Michael Kolodziej, MD: As we think about the value, to a health plan, of these novel therapies, it’s most appropriate to think about the total cost of care. But there’s an illusion that you can price your agent whatever you want, as long as you win in the total-cost-of-care model. Let me tell you why that’s an illusion: if your sticker price is $150,000—and before you introduce your drug, the total cost of care is $120,000—you cannot save your way to prosperity. It does not work; the math simply doesn’t work.
Now, the real question is, do we cure people? Because all bets are off if we cure people, right? So, then we have to start thinking about cost of care over a much longer horizon, as opposed to how much it costs in the next year. This changes the discussion altogether. Do we like the idea that people are not going to be hospitalized for symptoms of disease or toxicity of traditional therapy? You betcha. I think every health plan, every doctor, likes that idea a lot. But to argue that there are adequate cost offsets, certainly based on what we know about efficacy today, it’s really hard to make that argument.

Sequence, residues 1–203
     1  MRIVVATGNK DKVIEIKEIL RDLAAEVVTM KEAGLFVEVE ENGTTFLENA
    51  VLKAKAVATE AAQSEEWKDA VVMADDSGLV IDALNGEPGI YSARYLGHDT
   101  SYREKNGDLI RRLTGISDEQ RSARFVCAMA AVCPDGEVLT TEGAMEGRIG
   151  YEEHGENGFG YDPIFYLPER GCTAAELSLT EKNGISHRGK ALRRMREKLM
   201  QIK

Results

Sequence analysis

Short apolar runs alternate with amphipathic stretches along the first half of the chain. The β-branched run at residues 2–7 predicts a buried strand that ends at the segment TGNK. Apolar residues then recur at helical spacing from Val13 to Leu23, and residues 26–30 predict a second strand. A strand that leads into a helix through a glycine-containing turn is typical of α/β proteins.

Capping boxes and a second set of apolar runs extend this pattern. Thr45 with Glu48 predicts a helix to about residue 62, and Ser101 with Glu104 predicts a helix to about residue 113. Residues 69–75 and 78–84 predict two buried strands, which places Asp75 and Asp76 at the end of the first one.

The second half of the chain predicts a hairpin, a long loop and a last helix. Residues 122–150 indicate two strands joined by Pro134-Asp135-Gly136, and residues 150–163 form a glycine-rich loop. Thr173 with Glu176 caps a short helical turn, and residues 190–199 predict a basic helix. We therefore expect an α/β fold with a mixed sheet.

I think everybody should be concerned a little bit about the potential impact of alternative payment models, where physicians are held at risk for total cost of care, particularly if drugs are included, because of the temptation to undertreat if you make the decision that an expensive therapy is not in your budget. There is a straightforward solution to that, and the straightforward solution is to remove the cost of the therapeutic from the episode, but to still identify appropriate use through, for example, a clinical pathways program or something akin to that. That way, you take care of the under-treatment challenge, use evidence-based care, provide a construct for clinical decision making, provide a construct for collecting real-world evidence, and don’t punish the doctor for making the right decision. I think we’ve got to go in a direction like that because otherwise, patients are the losers and we don’t want to do that.